Howard Schultz, the founder and CEO of Starbucks, has a rule for all his potential employees. He will not hire anyone who doesn’t like coffee. It makes sense. Why would you want a team member selling something they don’t’ even buy themselves. To do a good job, you probably need to like the product.
I have an idea. Why don’t we apply that same rule to school teachers. What if we said: No one is allowed to teach who doesn’t like kids. I like it; it has a nice ring to it. We should have thought of this a long time ago.
I recently watched “Waiting For Superman,” the highly acclaimed movie about the state of public education today. I highly recommend it. It is sobering. It’s actually downright depressing. I have said for years that most teachers I meet are my heroes — but the education system in our nation is broken. Badly.
The answer is good teachers who are gifted to teach and who love children. But, the teacher’s unions continue to prop up bad teachers allowing them to stay only because they have tenure. Many are horrible. Middle school kids nationwide score between 25-35% in reading proficiency. It has been proven that with good teachers, every child can be proficient. It is not difficult… unless you have someone teaching in the classroom that would better fill the role of an auto mechanic.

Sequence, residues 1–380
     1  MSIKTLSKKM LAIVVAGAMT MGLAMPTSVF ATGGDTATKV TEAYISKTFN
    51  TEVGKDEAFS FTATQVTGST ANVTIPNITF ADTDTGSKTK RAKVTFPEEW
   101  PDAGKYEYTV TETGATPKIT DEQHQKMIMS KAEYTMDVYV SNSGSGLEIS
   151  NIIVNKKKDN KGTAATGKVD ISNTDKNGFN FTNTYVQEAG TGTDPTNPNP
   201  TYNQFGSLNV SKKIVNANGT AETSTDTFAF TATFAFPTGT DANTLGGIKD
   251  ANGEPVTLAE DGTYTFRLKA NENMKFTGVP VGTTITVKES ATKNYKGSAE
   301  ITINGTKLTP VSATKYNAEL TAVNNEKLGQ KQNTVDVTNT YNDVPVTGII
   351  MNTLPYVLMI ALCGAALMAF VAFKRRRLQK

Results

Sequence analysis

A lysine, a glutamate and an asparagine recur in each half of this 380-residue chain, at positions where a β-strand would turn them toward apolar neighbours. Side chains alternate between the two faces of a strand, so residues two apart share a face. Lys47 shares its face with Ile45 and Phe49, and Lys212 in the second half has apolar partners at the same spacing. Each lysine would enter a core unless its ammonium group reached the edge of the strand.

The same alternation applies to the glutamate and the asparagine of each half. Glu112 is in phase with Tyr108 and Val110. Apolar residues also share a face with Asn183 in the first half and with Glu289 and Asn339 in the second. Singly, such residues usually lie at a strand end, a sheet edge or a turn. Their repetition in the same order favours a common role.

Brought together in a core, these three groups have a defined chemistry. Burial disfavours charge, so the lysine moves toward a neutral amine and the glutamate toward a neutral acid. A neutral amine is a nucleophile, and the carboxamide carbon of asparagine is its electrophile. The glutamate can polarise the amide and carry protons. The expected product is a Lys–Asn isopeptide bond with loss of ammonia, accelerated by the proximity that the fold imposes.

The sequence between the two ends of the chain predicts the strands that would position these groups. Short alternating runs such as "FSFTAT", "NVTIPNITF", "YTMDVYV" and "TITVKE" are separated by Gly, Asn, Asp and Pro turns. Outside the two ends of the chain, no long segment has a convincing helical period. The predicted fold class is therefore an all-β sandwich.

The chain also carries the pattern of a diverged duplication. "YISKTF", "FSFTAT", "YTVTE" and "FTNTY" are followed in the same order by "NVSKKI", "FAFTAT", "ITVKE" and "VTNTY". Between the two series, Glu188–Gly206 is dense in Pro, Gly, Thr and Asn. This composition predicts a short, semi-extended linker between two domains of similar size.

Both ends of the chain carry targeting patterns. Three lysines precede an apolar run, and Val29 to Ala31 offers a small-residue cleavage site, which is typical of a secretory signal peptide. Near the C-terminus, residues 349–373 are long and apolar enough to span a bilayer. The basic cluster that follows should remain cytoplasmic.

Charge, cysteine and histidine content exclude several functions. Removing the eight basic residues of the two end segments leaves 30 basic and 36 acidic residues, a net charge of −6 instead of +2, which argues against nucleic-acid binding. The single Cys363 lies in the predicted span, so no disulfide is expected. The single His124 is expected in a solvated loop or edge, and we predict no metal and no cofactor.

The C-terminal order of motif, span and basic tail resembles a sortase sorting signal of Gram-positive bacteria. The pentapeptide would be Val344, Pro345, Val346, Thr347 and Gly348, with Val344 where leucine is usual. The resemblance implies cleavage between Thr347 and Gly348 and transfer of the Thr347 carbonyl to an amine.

The sad truth is — the teacher’s unions scream that kids deserve good schools, but those unions aren’t about kids at all. They are all about themselves; preserving their jobs. I don’t know of another profession that allows bad employees to keep their jobs. They get fired. It’s the only way to keep the industry competitive. Unfortunately, we are forced to allow bad teachers to remain in the classroom, while little countries all over the world pass us up. If public schools played by the same rules companies do, they’d be out of business.
I left the movie just sick about the unnecessary condition of our schools. I am going to do everything in my power to change what I can.